FIG. 7 illustrates an expanded vertical section as indicated on FIG. 6, demonstrating sequential assembly of major system components to lightbox (706). This view clearly illustrates the media platen retainer (701) and the peripheral reflection zone (707), which is also detailed in FIG. 10 (1007). Means of component attachment are also clearly visible: the platen retainer (701) is secured to the media platen (704) using one or more flexible latch(s) (708) which may be integral to the retainer frame (701) which is slidably received and secured into platen receptor (709). Correspondingly, the media assembly (701, 702, 703, 704), is similarly attached to the lightbox assembly (706) by one or more offset platen support(s) (711) being slidably received and secured into one or more lightbox receptor(s) (712).
FIG. 8 illustrates an expanded horizontal section as indicated on FIG. 6, demonstrating sequential assembly to lightbox (806). This view provides continued understanding of component attachment means (808, 809) as described in FIG. 6. This view also clearly illustrates the placement of an elongated light source (813) at the lightbox sidewall (820) with the light mask (812) positioned in the viewer sight line between the light source and the display media at a distance from the sidewall (820) sufficient to create the compensating light channel (821);
FIG. 9 illustrates an assembled vertical section as indicated on FIG. 6. This view clearly shows the peripheral light passage (914) created by offsetting the display media containment assembly (901, 902, 903, 904), from lightbox assembly (906) as supported by flexible attachments (910).
FIG. 10 illustrates an assembled horizontal section as indicated on FIG. 6, and details the peripheral light passage (1013) as described in FIG. 9.
FIG. 11 illustrates a side view of the construction details of an exemplary embodiment of the present invention shown in FIG. 9, and shows the spatial relationship (1109) between the display media (1103) in relation to the plane of the decorative frame (1110). This exemplary embodiment of the present invention permits front installation of the display media.
FIG. 12 illustrates a side view of the construction details of a conventional prior art decorative frame, showing the relationship between (1203) between the display media (1202) in relation to the plane of the decorative frame (1201). In contrast to FIG. 11, the display media for conventional frames of this type must be installed from the rear.
FIG. 13 illustrates a side view of the assembly sequence details of an exemplary embodiment of the present invention shown in FIG. 9, and shows the relationship (1305) between the display media (1303) in relation to the plane of the decorative frame (1306). This exemplary embodiment of the present invention permits front installation of the display media.
FIG. 14 illustrates a side view of the assembly sequence of a conventional prior art decorative frame, showing the relationship between (1405) between the display media (1403) in relation to the plane of the decorative frame (1406). In contrast to FIG. 13, the display media for conventional frames of this type must be installed from the rear.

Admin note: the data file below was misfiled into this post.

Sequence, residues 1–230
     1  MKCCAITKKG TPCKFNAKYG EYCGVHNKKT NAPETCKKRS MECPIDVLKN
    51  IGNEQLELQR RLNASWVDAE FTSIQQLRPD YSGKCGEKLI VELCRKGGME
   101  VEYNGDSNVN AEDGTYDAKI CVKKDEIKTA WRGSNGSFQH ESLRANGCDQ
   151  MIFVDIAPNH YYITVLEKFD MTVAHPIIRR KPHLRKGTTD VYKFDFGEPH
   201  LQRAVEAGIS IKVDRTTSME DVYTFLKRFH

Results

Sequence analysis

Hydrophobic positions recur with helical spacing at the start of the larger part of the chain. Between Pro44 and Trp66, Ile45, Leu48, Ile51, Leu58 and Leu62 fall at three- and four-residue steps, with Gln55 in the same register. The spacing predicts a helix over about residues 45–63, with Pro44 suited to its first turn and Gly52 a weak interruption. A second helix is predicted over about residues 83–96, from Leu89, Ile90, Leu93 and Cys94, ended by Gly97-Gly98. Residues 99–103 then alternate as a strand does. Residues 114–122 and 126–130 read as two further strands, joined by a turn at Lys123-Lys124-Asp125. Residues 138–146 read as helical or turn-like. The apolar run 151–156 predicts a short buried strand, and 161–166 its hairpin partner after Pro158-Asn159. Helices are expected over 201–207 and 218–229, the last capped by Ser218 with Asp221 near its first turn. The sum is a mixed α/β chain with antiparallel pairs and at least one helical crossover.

FIG. 15 illustrates the fact that reflection of ambient illumination originating from a singular light source is a simple and cost-effective means to generates unique and uniform backlighting media display appearance. The generalized light source vector lines illustrate illumination paths to illuminate the display media (1502) and the decorative frame (1505) as reflected off the lightbox rear panel (1509), major sidewalls (1510), light source mask (1507), and retainer reflection zone (1504).
FIG. 16 illustrates light source illumination of the decorative frame (1605) through the unique peripheral passage (1607) created by the offsetting structure.
FIG. 17 illustrates isolates the functionality of the retainer reflection zone (1701).
FIG. 18 illustrates the functionality of the opaque light mask (1805) as located at a distance from the lightbox sidewall (1806) sufficient to create a passage (1810) for the unique compensating illumination necessary to reduce the shadow cast by the opaque light mask and thereby eliminating any disruptions to the uniform illumination of the display media.
FIG. 19 demonstrates the shadow cast on the back of the display media if the referenced compensating passage (FIG. 18, 1810) is not provided.
Referencing the exemplary embodiment illustrated in FIG. 5, assembly of a presently preferred embodiment of the invention starts with the display media container (502) which has a retainer frame (505) which covers the protective glazing (506) that fixes the display media (507) to the media platen (508). The retainer frame (505) may contain one or more flexible catches (510) which mate with corresponding receptor notches (511) in the media platen (508). Note that the retainer frame (505) and the protective glazing (506) may optionally be integrated into a single protective frame structure (501) for ease of assembly.
The media platen (508) may incorporate one or more offset structures (509) to permit the display media (507) to be separated from the plane of the back of the decorative frame (503) and the front edge (520) of the lightbox (504). In the preferred embodiment the offset structures (509) have retaining tongs (extensible projections or the like) which mate with corresponding tong indentations (receptive members) in the lightbox to secure the tongs to the lightbox and thus fix the position of the lightbox (504) to the display media (507). This relationship is detailed in FIG. 8 by the exemplary tong embodiment (810) and exemplary tong indentation embodiment (811).